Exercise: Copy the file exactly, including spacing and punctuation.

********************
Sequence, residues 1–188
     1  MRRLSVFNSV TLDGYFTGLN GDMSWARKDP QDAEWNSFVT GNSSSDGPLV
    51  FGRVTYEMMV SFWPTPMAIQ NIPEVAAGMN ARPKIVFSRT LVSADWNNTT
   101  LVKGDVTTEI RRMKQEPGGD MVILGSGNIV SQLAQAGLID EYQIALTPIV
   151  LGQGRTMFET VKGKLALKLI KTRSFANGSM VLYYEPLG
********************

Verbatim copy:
Sequence, residues 1–188
     1  MRRLSVFNSV TLDGYFTGLN GDMSWARKDP QDAEWNSFVT GNSSSDGPLV
    51  FGRVTYEMMV SFWPTPMAIQ NIPEVAAGMN ARPKIVFSRT LVSADWNNTT
   101  LVKGDVTTEI RRMKQEPGGD MVILGSGNIV SQLAQAGLID EYQIALTPIV
   151  LGQGRTMFET VKGKLALKLI KTRSFANGSM VLYYEPLG